• Clearly state success definition. Probably the most important aspect is both parties being aligned in what success looks like. If it’s at all unclear what you want to achieve at the end, rewrite it.
  • Show top level user journey walkthrough. This urges the offshore team to adopt a more user-centric approach and better relate sprints/milestones deliverables to the big picture

Define the Scope of Work

Naturally, you should have a roadmap, or detailed outline with feature lists and deadlines before starting a development. This helps the team understand what your business goals and project requirements are. It helps them divide tasks in a more effective manner, while giving the development a more structured process.

Best practices:

  • Make milestones a priority. They should be strategically planned to keep project teams on the path to meet deadlines. These can be simultaneously designed with meetings and client check-ins so that no one is left in the dark about progress.
  • Include as many visuals as possible. Wherever possible show what you’re talking about rather than try to explain it. Visualizations, pictures, and examples go a long way in explaining your goals and needs.
  • Allocate time for reviews and changes. A SOW is a plan. But at their best, plans are just educated guesses. Make sure your project schedule and deliverable timeline has space in it for reviews, pivots, and unexpected changes in priorities.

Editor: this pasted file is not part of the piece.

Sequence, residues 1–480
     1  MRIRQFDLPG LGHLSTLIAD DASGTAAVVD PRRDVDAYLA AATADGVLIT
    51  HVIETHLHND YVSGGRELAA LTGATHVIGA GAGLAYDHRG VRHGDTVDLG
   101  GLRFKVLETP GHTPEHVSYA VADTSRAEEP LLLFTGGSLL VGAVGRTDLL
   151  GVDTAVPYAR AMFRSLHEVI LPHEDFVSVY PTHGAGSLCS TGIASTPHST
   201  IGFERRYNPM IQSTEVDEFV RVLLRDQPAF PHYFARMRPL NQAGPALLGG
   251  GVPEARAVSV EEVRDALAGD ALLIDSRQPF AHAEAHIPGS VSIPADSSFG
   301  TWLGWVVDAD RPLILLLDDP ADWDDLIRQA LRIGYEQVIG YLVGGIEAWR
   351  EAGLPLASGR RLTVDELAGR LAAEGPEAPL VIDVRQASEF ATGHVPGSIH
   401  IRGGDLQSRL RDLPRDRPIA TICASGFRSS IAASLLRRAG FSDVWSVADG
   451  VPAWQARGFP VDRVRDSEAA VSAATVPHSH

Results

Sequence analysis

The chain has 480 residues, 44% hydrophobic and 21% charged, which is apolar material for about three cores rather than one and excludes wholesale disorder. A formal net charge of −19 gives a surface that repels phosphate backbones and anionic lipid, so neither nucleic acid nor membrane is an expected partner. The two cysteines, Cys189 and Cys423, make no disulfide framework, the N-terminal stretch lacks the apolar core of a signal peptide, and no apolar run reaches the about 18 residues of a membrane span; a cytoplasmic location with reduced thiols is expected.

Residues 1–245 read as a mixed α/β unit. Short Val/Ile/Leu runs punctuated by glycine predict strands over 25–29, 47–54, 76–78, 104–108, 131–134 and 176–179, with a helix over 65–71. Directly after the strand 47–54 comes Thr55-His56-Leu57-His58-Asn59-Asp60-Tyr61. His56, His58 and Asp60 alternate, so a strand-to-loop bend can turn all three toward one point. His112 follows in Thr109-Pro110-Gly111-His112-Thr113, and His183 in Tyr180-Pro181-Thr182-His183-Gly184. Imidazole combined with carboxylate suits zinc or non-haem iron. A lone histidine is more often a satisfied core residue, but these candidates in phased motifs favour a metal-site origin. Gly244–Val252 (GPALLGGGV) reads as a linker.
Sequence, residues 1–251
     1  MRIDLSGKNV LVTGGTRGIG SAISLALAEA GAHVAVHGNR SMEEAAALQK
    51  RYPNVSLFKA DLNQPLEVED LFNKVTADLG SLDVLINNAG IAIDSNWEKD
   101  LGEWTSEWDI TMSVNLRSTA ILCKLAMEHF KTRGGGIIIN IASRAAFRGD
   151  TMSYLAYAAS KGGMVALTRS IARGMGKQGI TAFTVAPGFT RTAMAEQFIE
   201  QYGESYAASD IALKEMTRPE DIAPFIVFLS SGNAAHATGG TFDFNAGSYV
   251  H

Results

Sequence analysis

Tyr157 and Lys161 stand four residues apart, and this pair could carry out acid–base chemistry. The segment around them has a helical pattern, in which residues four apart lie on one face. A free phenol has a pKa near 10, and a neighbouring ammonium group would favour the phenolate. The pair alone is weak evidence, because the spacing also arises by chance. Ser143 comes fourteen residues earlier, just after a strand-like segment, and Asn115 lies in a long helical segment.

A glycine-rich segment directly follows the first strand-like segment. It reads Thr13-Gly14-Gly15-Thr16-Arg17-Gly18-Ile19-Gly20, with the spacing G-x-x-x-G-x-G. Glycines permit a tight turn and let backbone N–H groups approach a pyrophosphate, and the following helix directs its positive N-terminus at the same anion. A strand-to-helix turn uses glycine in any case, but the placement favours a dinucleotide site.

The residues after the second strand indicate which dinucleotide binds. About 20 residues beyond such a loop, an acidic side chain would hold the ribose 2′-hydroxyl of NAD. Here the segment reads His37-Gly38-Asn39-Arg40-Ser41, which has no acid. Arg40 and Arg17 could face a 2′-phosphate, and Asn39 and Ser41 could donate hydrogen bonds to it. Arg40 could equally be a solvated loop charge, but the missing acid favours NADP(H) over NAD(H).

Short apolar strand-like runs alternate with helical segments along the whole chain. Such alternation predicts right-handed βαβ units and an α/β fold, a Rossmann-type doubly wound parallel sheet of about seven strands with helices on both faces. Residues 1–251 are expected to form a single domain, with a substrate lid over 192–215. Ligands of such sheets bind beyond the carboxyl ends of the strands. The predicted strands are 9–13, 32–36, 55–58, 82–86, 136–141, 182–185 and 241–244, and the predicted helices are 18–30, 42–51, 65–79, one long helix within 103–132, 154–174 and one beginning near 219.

Pick right software development process model

There are various software development life cycle models defined and designed which are followed during the software development process. These models are also referred to as Software Development Process Models. Each process model follows a Series of steps unique to its type to ensure success in the process of software development.

Which process you use will come down to your goals, the size of the project and your team, and other factors. To help you decide, here are 5 of the best software development processes with pros and cons for each - read more in Software Development Process: How to Pick The Process That’s Right For You.

2. Get your point across

Overlap your work schedules

One major challenge is the difference in time zone. In some cases, the offshore team is either a couple hours in the future or a couple hours back. If it's not streamlined, it could turn out to be problematic. Here's the twist, the difference in Time zones can actually be beneficial to both teams. One team could handle certain tasks while the other gets a goodnight sleep. This way the 24 hour day is maximised by splitting workflow between time zones.